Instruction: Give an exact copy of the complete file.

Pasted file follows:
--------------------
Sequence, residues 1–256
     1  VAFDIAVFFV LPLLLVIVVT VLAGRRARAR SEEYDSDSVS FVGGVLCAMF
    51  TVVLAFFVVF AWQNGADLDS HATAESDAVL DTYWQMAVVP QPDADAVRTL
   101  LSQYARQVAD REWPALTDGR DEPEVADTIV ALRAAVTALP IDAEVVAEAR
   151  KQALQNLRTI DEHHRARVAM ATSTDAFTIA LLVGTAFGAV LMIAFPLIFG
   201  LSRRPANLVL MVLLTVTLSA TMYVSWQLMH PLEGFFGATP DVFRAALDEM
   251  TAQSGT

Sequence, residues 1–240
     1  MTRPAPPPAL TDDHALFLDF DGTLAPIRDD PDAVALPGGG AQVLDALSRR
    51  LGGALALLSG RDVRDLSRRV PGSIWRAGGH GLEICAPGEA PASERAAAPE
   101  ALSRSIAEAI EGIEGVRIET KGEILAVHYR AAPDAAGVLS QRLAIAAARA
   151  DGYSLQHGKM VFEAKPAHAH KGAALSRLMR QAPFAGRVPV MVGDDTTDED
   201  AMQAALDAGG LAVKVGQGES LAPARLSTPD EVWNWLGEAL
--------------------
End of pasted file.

Sequence, residues 1–256
     1  VAFDIAVFFV LPLLLVIVVT VLAGRRARAR SEEYDSDSVS FVGGVLCAMF
    51  TVVLAFFVVF AWQNGADLDS HATAESDAVL DTYWQMAVVP QPDADAVRTL
   101  LSQYARQVAD REWPALTDGR DEPEVADTIV ALRAAVTALP IDAEVVAEAR
   151  KQALQNLRTI DEHHRARVAM ATSTDAFTIA LLVGTAFGAV LMIAFPLIFG
   201  LSRRPANLVL MVLLTVTLSA TMYVSWQLMH PLEGFFGATP DVFRAALDEM
   251  TAQSGT

Sequence, residues 1–240
     1  MTRPAPPPAL TDDHALFLDF DGTLAPIRDD PDAVALPGGG AQVLDALSRR
    51  LGGALALLSG RDVRDLSRRV PGSIWRAGGH GLEICAPGEA PASERAAAPE
   101  ALSRSIAEAI EGIEGVRIET KGEILAVHYR AAPDAAGVLS QRLAIAAARA
   151  DGYSLQHGKM VFEAKPAHAH KGAALSRLMR QAPFAGRVPV MVGDDTTDED
   201  AMQAALDAGG LAVKVGQGES LAPARLSTPD EVWNWLGEAL